D. Use of Force on Mentally Ill Inmates
Another of plaintiffs' theories of liability against Coleman and Newsome involves the use of force when a mentally ill inmate is involved. There are two prongs to plaintiffs' argument: (1) the law forbids the execution of insane persons; and (2) deadly force cannot be used when an inmate is trying to commit suicide. This line of argument is creative but has no merit.
While it is true that the law clearly establishes a prohibition against executing the insane, Ford v. Wainwright, 477 U.S. 399, 106 S.Ct. 2595, 91 L.Ed.2d 335 (1986), Sharp's death hardly amounts to an execution. He was not shot and killed as punishment for a crime he had committed; rather, he was shot in order to stop an escape attempt. Since there is no clearly-established law regarding whether an insane person can be shot during an escape attempt, defendants can appropriately raise a qualified immunity defense.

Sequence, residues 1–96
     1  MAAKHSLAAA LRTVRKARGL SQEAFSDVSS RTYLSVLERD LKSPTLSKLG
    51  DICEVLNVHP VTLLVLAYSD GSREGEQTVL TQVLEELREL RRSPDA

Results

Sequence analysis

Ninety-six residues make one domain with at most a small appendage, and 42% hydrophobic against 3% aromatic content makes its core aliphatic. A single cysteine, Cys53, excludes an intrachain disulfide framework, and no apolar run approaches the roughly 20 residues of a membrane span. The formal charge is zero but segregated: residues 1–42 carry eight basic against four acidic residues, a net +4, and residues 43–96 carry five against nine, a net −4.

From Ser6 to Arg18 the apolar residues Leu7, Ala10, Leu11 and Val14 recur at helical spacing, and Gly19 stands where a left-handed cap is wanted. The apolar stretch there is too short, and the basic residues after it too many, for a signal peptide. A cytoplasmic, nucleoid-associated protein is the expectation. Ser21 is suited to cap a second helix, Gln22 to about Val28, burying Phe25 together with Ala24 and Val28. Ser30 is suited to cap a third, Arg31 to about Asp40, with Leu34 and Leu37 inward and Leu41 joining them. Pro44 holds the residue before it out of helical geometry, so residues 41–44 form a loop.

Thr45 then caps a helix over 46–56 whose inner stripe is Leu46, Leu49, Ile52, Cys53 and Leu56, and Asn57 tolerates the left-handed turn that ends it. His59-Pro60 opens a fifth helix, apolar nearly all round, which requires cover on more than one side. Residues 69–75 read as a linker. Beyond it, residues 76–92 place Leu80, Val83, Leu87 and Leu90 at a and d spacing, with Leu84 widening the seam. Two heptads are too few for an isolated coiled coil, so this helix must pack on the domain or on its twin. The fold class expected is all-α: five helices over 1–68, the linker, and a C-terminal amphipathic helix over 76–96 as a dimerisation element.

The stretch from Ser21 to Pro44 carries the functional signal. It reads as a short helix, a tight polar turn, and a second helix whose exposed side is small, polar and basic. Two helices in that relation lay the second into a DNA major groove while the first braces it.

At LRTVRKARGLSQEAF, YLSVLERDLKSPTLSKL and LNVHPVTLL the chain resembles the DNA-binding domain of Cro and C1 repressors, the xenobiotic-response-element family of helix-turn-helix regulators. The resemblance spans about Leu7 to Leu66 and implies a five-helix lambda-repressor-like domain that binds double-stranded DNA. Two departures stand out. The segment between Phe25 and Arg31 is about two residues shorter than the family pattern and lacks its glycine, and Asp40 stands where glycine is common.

As for the theory that Sharp's action amounted to a suicide attempt and the use of deadly force was therefore prohibited, this argument must also fail. It is true that the Guthrie order and the Georgia State Prison Use of Force Policy Statement state that "[u]nder no circumstances may deadly force be used to stop or prevent an inmate from injuring himself." Georgia State Prison Use of Force Policy Statement 515.1, activated October 8, 1982, p. 5; adopted as order in Guthrie on June 16, 1983. It may also be the case that Sharp's actions were so futile and foolhardy that death or injury was a likely result. But there is a distinction between Sharp's actions in climbing over the fence and his suicide attempts when he attempted to hang himself, not unlike the difference between a Kamikaze pilot and someone who takes an overdose of drugs. One action, though ultimately suicidal, carries with it the risk of danger to others. Sharp's escape attempt, regardless of the motivations, presented a risk to members of the community outside the prison. Defendant Coleman was charged with the duty of preventing such risks. From his point of view, therefore, Sharp's mental state was fairly irrelevant. In any event, the Guthrie order on this point does not deal with the specific situation of escaping mentally ill inmates, which presents conflicting duties as laid out above. We conclude that the law on this point is unclear, and Coleman and Newsome again have a qualified immunity defense against this theory of disability.